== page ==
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Obese Americans now outweigh the merely overweight

 
 
Reply Fri 9 Jan, 2009 07:40 pm
WASHINGTON (Reuters) - The number of obese American adults outweighs the number of those who are merely overweight, according to the latest statistics from the federal government.
Numbers posted by the National Center for Health Statistics show that more than 34 percent of Americans are obese, compared to 32.7 percent who are overweight. It said just under 6 percent are "extremely" obese.
"More than one-third of adults, or over 72 million people, were obese in 2005-2006, the NCHS said in its report.
The numbers are based on a survey of 4,356 adults over the age of 20 who take part in a regular government survey of health, said the NCHS, which is part of the Centers for Disease Control and Prevention.
The figures come from the 2005-2006 survey and are the most current available.
"During the physical examination, conducted in mobile examination centers, height and weight were measured as part of a more comprehensive set of body measurements," the NCHS report said.
"Although the prevalence of obesity has more than doubled since 1980, the prevalence of overweight has remained stable over the same time period," it said.
Obesity and overweight are calculated using a formula called body mass index. BMI is equal to weight in kilograms divided by height in meters squared. Someone with a BMI of 25 to 29 is classified as overweight, 30 to 40 counts as obese and people with BMIs of 40 or more are morbidly obese.
A person 5 feet 5 inches tall becomes overweight at 150 pounds (68 kg) and obese at 180 pounds (82 kg). The U.S. National Institutes of Health has an online BMI calculator at www.nhlbisupport.com/bmi/.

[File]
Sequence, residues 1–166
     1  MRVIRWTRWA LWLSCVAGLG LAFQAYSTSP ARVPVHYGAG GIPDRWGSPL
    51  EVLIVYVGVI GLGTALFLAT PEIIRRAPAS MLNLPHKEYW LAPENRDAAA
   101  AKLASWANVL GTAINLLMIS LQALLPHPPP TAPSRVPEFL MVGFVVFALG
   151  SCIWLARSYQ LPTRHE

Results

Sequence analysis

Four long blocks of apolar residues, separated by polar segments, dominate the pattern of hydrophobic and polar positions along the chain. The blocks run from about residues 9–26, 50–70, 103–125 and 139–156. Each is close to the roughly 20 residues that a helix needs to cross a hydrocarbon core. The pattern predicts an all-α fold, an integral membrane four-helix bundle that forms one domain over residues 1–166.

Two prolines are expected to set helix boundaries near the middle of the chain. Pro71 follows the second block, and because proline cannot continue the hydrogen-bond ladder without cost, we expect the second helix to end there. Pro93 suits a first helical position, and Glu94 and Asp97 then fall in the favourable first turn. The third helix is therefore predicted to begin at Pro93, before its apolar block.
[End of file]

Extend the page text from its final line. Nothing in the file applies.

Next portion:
In the 1988-1994 surveys, 33 percent of Americans were overweight, 22.9 percent were obese and 2.9 percent were morbidly obese. The numbers have edged up steadily since.
Being overweight or obese raises the risk of heart disease, diabetes, some cancers, arthritis and other conditions.
In May, the CDC reported that 32 percent of U.S. children fit the definition of being overweight, 16 percent were obese and 11 percent were extremely obese.
Childhood and adult obesity has emerged as a growing problem not only in the United States but also in many countries around the world.
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Type: Discussion • Score: 1 • Views: 1,954 • Replies: 33
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Leonard
 
  1  
Reply Thu 13 Aug, 2009 06:26 pm
@Pythagorean,
Interesting. It's somewhat odd how everyone around here is only a little overweight, average, or underweight. Thanks for the BMI calculator link as well. But honestly, it's strange how some people buy lard in bucketfuls and pig out, then wonder why they are fat or have diabetes.
richrf
 
  1  
Reply Thu 13 Aug, 2009 10:07 pm
@Leonard,
I am always amazed by the incredible elasticity of skin and the stomach.

Rich
Shadow Dragon
 
  1  
Reply Thu 13 Aug, 2009 10:48 pm
@Pythagorean,
I really don't get how people can let themselves go like that... says the pot to the kettle. :ashamed: Ok, I'm far from being the best example of keeping in shape, but I can't imagine not trying to get healthier when it starts heavily affecting the way you live.
0 Replies
 
salima
 
  1  
Reply Sat 15 Aug, 2009 12:22 am
@richrf,
richrf;83163 wrote:
I am always amazed by the incredible elasticity of skin and the stomach.

Rich


unfortunately the elasticity doesnt last forever. whoever wants to do so should lose it when they are young because it might take a lot of corrective surgery to get things back in order if old age sets in.

---------- Post added 08-15-2009 at 12:04 PM ----------

it is quite interesting to see obesity becoming a problem in india. from the most affluent down to the poorest of the poor, you find it directly related to the level of income.
Khethil
 
  1  
Reply Sat 15 Aug, 2009 09:46 am
@salima,